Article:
“I remember singing in the choir and doing plays, and my god-mom, she was like: ‘You know what? This may not be your gift,’ ” Edebiri recalled with a laugh. “She was like, ‘You’re good, but this might not be for you.’ I was like, ‘For sure.’ ”
She changed her mind during middle school and high school, she said, when she started doing improv. After that, she went to New York University with the aim of becoming a teacher, only to realize it wasn’t for her. At the behest of some college friends, she started doing stand-up.
“I was definitely nervous about the idea of performing alone,” she said. “I didn’t like being onstage and was very nervous at first.”
After graduation, she moved to Los Angeles and wrote for the NBC sitcom “Sunnyside,” the FX series “What We Do in the Shadows” and “Dickinson.” Leaving the comfort of the writers’ room to go in front of the camera was a big adjustment, she said.
“It’s weird,” she said. “I look like this, so I might as well look like this. I don’t want to be self-mythologizing, but I do feel like, growing up, on TV, there weren’t a lot of young Black women who I felt actually looked like me or people I knew, or were allowed to have imperfections.”
“There’s a lot of Black women on TV in the media,” she continued, “and I feel like we look different, but we also still look like ourselves. I feel like that’s important and beautiful.”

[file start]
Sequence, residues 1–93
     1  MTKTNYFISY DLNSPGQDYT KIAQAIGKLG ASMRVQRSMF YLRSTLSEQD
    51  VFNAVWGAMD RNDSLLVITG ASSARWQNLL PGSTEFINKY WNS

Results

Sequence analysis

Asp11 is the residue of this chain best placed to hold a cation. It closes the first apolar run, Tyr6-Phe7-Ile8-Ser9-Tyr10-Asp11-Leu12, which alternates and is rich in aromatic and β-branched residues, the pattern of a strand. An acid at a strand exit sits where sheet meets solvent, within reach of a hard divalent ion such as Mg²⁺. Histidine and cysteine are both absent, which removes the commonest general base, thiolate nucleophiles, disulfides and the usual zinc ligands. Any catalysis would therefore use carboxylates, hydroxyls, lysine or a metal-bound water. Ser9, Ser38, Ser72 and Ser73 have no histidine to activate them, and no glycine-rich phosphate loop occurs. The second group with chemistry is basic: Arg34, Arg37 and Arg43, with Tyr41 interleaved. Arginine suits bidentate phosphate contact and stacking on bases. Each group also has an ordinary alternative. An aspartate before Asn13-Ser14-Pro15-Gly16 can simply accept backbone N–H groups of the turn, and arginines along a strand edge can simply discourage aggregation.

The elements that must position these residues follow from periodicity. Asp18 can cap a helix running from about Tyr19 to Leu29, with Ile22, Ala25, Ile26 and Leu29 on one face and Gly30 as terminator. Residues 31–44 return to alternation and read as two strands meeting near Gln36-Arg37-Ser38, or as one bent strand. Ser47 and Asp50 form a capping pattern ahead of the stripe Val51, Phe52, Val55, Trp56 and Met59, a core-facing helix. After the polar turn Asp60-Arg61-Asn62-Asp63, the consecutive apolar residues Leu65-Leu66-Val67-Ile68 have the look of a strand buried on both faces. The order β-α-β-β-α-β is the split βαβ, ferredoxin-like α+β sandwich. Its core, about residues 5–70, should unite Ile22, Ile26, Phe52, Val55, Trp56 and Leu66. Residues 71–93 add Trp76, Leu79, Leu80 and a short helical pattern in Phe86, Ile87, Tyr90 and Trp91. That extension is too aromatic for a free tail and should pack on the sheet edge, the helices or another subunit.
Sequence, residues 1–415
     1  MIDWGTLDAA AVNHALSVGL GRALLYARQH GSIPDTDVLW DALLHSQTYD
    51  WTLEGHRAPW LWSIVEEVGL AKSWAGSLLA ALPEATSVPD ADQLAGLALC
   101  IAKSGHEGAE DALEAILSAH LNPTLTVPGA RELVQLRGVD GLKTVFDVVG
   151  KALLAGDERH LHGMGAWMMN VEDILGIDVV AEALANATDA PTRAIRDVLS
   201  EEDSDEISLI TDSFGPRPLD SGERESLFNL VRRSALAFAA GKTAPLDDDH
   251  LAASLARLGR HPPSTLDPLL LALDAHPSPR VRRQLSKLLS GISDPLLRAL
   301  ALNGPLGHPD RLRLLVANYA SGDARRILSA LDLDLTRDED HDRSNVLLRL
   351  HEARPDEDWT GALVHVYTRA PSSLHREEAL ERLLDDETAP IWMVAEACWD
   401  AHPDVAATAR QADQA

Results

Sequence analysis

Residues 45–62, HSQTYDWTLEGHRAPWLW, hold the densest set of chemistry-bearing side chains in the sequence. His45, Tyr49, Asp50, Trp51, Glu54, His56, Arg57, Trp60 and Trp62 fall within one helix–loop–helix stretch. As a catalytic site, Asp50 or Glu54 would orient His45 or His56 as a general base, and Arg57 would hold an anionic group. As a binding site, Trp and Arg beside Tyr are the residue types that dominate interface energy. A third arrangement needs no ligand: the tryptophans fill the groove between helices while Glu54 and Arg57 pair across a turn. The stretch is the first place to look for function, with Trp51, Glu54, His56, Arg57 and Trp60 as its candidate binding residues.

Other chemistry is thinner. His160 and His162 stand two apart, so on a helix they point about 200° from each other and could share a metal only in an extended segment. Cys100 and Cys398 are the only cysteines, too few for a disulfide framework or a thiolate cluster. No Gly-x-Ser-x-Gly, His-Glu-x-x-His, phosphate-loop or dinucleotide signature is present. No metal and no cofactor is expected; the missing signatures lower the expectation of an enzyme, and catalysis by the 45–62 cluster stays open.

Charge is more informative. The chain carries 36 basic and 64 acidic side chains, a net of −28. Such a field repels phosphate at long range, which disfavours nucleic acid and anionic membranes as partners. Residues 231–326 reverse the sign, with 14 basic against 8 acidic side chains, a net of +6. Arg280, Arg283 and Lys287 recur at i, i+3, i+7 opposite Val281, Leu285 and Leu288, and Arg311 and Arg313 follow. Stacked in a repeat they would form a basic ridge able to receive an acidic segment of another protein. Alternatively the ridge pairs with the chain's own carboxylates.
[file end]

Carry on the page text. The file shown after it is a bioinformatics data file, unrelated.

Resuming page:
She went into Bru, an airy coffee shop, and ordered a lavender lemonade with sparkling water. When asked what she has learned from her various roles, she demurred. “This is like an actress question,” she said. “I’m not used to answering questions like an actor.”
Soon, Edebiri and Gromit walked into the Skylight Bookstore, an indie shop. She came across “The Woman Who Borrowed Memories: Selected Stories” by the late Finnish writer, illustrator and comic book author Tove Jansson. She tapped the cover with her index finger, ornamented with a rustic gold signet ring that reads “Libra.”
“She rules,” Edebiri said, picking up the book. “She’s like this incredible lesbian that made the Moomin comics.”
As she moved toward the checkout area, Edebiri was asked if she would like to go back in time and give her younger self some words of advice.
“I don’t think I would say anything, because that messes with the rules of time travel,” she said. “Everything you learn is in the time and in the season that you’re supposed to.”
Near the cash register, she spotted a cookbook, “Black Food: Stories, Art and Recipes from Across the African Diaspora,” edited by Bryant Terry. She set Gromit on top of the checkout table — along with the Tove Jansson book — before she squatted down to open the cookbook.
While she flipped through its pages, her dog was becoming a star of the store. He wagged his tail on the makeshift stage, ears pointed upward, as three store employees fussed over him, petting him and giving his ears a scratch. After Edebiri set the cookbook near the cash register, one of the workers started reading to Gromit from the Jansson book.
“He is loving it,” Edebiri said with a laugh.
This article originally appeared in The New York Times.